'Softer' touch can make work safer

First woman to receive workplace safety officer award on an advantage of her gender

Ms Ong, an environment, safety and health senior specialist at AU Optronics Singapore, says women can be better at persuading men to follow rules.
Ms Ong, an environment, safety and health senior specialist at AU Optronics Singapore, says women can be better at persuading men to follow rules.PHOTO: DON WONG FOR THE STRAITS TIMES

When Ms May Ong joined her company's environmental safety and health (ESH) team 11 years ago, she was the first woman to do so and had no experience in the field.

"Preventing people from being hurt, and showing care and concern for them - it's meaningful," said Ms Ong, 60, who used to work in marketing and human resources, but wanted to help save lives.

Now a senior ESH specialist at manufacturing company AU Optronics (AUO) Singapore, she has implemented projects from recycling styrofoam boxes as buffers around glass panels, to organising a competition to see which department has the most thorough safety checks.

Last month, she became the first woman to win the Workplace Safety and Health (WSH) Officer Award since the WSH Council started the award nine years ago.

The field still seems to employ mostly men. In the WSH officer course and fire safety manager course she completed in 2011 and this year respectively, about nine in 10 classmates were male, she said.


Preventing people from being hurt, and showing care and concern for them - it's meaningful.

MS MAY ONG, senior environmental safety and health specialist at AU Optronics Singapore, on her job.

"Many women don't see themselves in this line because they think it's difficult.

"They may think you need to climb around," she said, adding that she was hesitant to join at first but changed her mind after seeing what the job is really like.

In fact, a "softer approach" may work better at times, she said. "If a male safety officer tells a man to do something, he may get aggressive, but if it's a woman he may listen."

The perception that WSH is linked only to higher-risk industries is changing, said Ms Kala Anandarajah, the WSH Council's deputy chairman.

"WSH affects everyone across all industries, whether high-risk industries like construction or perceived low-risk workplaces such as offices, healthcare, consultancies and retail," she said.

There have been at least 47 deaths from workplace accidents here this year, with none in Ms Ong's company. Part of her job involves examining accidents elsewhere and looking at what can be done to prevent them in AUO.

Her job also takes her around the sprawling 92,700 sq m plant in Tampines, which makes a type of LCD screen for mobile devices.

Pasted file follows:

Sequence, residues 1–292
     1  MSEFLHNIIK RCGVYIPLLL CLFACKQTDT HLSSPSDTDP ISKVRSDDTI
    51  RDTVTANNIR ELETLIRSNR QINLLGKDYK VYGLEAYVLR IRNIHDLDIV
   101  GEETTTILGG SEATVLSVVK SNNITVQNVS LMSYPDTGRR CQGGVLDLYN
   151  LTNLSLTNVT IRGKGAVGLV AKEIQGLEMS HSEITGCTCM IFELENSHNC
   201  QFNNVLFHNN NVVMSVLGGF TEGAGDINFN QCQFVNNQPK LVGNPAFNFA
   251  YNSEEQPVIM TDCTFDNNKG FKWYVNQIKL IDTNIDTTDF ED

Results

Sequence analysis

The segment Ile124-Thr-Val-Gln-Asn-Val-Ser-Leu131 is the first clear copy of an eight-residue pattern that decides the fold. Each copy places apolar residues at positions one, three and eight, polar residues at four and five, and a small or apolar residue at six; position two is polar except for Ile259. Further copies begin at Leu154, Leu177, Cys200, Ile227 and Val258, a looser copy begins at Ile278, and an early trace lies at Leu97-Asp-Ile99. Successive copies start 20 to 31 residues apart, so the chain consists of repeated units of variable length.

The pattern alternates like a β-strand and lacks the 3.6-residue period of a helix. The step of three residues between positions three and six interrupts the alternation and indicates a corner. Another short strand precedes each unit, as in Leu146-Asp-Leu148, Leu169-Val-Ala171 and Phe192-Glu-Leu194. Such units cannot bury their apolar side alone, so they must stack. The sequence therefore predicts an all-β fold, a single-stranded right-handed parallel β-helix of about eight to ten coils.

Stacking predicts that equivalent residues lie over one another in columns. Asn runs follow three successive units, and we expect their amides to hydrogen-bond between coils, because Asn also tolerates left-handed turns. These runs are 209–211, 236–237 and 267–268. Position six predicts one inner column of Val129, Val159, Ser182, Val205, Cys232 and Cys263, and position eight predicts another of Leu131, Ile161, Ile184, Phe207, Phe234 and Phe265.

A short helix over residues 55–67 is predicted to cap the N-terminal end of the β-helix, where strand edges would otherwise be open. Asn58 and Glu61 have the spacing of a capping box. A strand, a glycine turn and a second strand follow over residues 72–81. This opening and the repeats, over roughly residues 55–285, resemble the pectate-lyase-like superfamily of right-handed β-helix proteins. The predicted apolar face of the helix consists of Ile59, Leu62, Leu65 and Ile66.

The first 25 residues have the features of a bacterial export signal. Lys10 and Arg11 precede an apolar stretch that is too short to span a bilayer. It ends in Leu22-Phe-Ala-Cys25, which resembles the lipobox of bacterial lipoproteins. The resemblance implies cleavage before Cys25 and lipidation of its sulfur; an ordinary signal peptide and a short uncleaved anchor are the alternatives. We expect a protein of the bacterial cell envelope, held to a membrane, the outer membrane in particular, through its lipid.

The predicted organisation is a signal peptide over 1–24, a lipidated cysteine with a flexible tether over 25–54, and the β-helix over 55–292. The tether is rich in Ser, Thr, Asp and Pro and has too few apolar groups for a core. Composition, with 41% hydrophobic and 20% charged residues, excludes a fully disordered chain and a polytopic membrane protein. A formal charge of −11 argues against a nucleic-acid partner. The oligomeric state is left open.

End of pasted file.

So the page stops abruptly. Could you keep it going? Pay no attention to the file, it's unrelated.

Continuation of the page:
For about two hours every day, she inspects the premises to ensure that high-risk activities such as working at heights or welding are done according to permit requirements. She also makes sure that workers do not engage in unsafe practices such as entering machines without switching them off first.

She files reports, investigates accidents and plans training for the company and its vendors.

Even a seemingly simple work process can be improved. For example, her team picked up a Gold WSH Innovation Award in 2013 for using recycled styrofoam boxes to make a protective jig covering the exposed corners of glass panels.

But it can be a slog to ensure all the 1,000-plus employees work safely because habits are hard to change, she said, adding: "They always think 'it won't happen to me'."

She faced some resistance two years ago when the team rolled out a scheme to divide the factory into areas of responsibility. Each department had to check its own safety equipment.

"You live in your house, you know best what's going on. If you don't check the eyewash at your station, if there's an emergency and it's not working, what will happen to your eyes?"

Staff have become more receptive after efforts to promote the idea. Just this month, Ms Ong's team of eight started a company-wide game to get staff to build up the habit of doing safety checks by searching for "landmines" - hidden stickers on items that need to be checked, such as first-aid boxes, fire extinguishers and eyewash.

Outside of work, Ms Ong serves as a union secretary at United Workers of Electronics & Electrical Industries and a committee member in volunteer organisation Bedok Safety Group, which holds seminars and networking sessions for industry members.

She hopes more will see that they have a responsibility to care about safety. "If the whole of Singapore can have this kind of mindset, we will have fewer accidents," she said.

•The annual Singapore WSH Conference will be held on Aug 24-25.

A version of this article appeared in the print edition of The Straits Times on August 22, 2016, with the headline ''Softer' touch can make work safer'. Subscribe